Fine salt
Freshly cracked black pepper

To a small bowl, add the white vinegar. Whisk as you pour the olive oil into the vinegar in a steady stream. Continue whisking until the mixture thickens slightly. (It may separate, and this is fine.) Season to taste with salt and pepper.

Balsamic vinaigrette: Use balsamic vinegar instead of white vinegar.

Red vinaigrette: Use red vinegar instead of white vinegar.

Lemon vinaigrette: Use fresh lemon juice instead of white vinegar, and add the zest of one lemon.

Mustard vinaigrette: Add one or two tablespoons of Dijon or whole grain mustard to the vinegar before whisking in the oil.

Honey vinaigrette: Add one or two tablespoons of honey to the vinegar before whisking in the oil.

Sesame vinaigrette: Use rice vinegar, quarter cup toasted sesame oil and half cup canola oil.

Ginger-miso vinaigrette: Use rice vinegar, and add one tablespoon grated fresh ginger and two tablespoons shiro (white) miso to the vinegar before whisking in the oil.

One part ACID + eight to 16 parts FAT

Creamy dressings start with acid, but instead of oil, typically use a thicker fat.

ACID: Any kind of acidic ingredient can be used in creamy dressings, including vinegar or citrus juice.

FAT: Mayonnaise, buttermilk, sour cream, yoghurt and mashed avocado can all form the base of a creamy dressing. The ratio of acid to fat is much lower – one part acid to eight to 16 parts fat, often resulting in a thicker dressing that can be used as sandwich spreads or dips.

OTHER INGREDIENTS: All creamy dressings incorporate other flavourings and seasonings, especially herbs, spices and sweeteners. Find the base recipe below, plus a few variations.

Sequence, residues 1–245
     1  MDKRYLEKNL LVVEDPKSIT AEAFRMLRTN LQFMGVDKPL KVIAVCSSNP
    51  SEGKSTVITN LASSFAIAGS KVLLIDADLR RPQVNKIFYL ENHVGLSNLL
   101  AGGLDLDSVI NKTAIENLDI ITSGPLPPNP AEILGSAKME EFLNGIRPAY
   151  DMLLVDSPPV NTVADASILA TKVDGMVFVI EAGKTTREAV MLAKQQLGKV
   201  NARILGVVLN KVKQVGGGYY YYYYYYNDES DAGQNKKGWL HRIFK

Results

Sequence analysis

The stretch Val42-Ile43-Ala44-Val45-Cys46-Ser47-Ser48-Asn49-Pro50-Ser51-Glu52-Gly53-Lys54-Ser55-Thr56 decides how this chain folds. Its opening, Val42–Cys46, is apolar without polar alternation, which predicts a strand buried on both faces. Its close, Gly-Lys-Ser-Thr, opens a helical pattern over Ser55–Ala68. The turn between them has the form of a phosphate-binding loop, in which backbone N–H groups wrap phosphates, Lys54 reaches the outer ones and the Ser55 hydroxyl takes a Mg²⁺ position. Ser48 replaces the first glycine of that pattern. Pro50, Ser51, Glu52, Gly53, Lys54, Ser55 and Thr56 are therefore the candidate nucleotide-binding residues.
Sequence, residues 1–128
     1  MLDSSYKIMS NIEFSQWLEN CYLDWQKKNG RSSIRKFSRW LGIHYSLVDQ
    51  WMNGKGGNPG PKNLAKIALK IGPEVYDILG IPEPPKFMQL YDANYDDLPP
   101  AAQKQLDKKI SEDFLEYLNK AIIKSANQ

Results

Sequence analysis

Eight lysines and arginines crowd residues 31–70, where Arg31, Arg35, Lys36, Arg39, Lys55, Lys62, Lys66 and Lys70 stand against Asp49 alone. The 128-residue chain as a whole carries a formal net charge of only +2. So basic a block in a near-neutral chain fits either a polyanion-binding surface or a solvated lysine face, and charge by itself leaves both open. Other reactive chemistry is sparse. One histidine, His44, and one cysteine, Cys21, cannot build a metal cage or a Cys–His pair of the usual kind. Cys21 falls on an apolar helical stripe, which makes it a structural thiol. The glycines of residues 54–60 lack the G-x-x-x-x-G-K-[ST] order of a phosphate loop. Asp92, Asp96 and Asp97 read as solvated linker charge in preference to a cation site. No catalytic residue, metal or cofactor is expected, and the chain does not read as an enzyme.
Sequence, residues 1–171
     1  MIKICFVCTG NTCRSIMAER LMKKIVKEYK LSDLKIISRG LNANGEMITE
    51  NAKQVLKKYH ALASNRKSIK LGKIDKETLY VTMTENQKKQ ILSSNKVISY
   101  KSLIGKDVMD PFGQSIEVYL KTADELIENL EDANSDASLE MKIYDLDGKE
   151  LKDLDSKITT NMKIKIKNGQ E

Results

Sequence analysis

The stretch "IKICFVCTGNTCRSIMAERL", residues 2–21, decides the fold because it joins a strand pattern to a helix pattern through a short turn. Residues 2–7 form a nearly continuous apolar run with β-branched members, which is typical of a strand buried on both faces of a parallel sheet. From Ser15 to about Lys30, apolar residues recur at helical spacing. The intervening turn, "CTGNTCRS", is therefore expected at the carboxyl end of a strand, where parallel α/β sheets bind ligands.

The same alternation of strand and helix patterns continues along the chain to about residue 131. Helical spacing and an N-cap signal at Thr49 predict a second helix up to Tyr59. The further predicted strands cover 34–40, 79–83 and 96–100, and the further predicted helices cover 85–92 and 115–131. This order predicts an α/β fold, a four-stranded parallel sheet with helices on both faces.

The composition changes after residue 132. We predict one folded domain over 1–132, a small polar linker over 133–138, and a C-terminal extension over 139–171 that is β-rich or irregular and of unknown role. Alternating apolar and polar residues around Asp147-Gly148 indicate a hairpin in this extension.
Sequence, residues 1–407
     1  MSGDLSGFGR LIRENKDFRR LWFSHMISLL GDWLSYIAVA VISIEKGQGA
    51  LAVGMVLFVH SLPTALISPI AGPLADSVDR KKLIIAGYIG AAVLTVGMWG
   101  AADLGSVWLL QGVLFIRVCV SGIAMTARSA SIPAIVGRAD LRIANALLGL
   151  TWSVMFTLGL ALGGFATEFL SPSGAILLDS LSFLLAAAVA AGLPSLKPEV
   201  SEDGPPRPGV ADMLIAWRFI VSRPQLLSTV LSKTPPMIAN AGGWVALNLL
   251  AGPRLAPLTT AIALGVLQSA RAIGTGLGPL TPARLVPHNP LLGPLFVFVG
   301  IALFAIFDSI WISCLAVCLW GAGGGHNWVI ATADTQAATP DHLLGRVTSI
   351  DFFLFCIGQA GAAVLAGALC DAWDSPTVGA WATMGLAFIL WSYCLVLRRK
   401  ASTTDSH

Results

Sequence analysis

Ranch, blue cheese and any dressings that are heavy in fat fall into this category.

Makes about one cup
Refrigerate for up to three days.

Three-quarter cup buttermilk, plus more as needed
One tablespoon fresh lemon juice or white vinegar, plus more as needed
Three tablespoons finely chopped fresh herbs, such as parsley, chives and/or mint
One teaspoon granulated sugar (optional)
Fine salt
Freshly cracked black pepper

In a small bowl, whisk together the buttermilk, lemon juice or vinegar, chopped herbs and sugar, if using, until combined. Taste and add more buttermilk or lemon juice, if desired.

Season to taste salt and pepper. Use right away or refrigerate until needed.

Ranch: Add a quarter teaspoon of each garlic powder and onion powder.

Blue cheese: Use one-third cup buttermilk or yoghurt, one-third cup sour cream and one-third cup mayonnaise, and add one third cup (three ounces) crumbled blue cheese.

Avocado-herb: Use all mashed avocado, or half avocado and half yoghurt. Thin the dressing with water or citrus juice as needed. Can be made in a food processor.

Outliers in the dressing category take liberties with these two tried-and-true formulas.

Some alter the ratio of acid by adding pureed fruits or jams or vegetables. Others use fat in the form of pureed nuts or seeds. The end results are marvellous though, so don’t forget that there are lots of ways to expand beyond the two basic formulas.

This category includes famous dressings such as Russian and Thousand Island, close cousins that incorporate ketchup, an acidic emulsion that contains lots of sugar to balance its final flavour.